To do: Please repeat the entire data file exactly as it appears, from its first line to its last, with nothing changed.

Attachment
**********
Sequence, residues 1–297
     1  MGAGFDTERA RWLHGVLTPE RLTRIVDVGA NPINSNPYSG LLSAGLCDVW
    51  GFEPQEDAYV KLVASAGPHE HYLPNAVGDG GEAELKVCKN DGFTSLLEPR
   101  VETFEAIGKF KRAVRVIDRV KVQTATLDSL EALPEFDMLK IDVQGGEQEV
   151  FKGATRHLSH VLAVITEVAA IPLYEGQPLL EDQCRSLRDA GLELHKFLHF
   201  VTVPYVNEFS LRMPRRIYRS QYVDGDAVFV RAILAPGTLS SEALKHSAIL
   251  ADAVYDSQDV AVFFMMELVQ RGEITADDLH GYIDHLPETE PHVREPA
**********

Sequence, residues 1–297
     1  MGAGFDTERA RWLHGVLTPE RLTRIVDVGA NPINSNPYSG LLSAGLCDVW
    51  GFEPQEDAYV KLVASAGPHE HYLPNAVGDG GEAELKVCKN DGFTSLLEPR
   101  VETFEAIGKF KRAVRVIDRV KVQTATLDSL EALPEFDMLK IDVQGGEQEV
   151  FKGATRHLSH VLAVITEVAA IPLYEGQPLL EDQCRSLRDA GLELHKFLHF
   201  VTVPYVNEFS LRMPRRIYRS QYVDGDAVFV RAILAPGTLS SEALKHSAIL
   251  ADAVYDSQDV AVFFMMELVQ RGEITADDLH GYIDHLPETE PHVREPA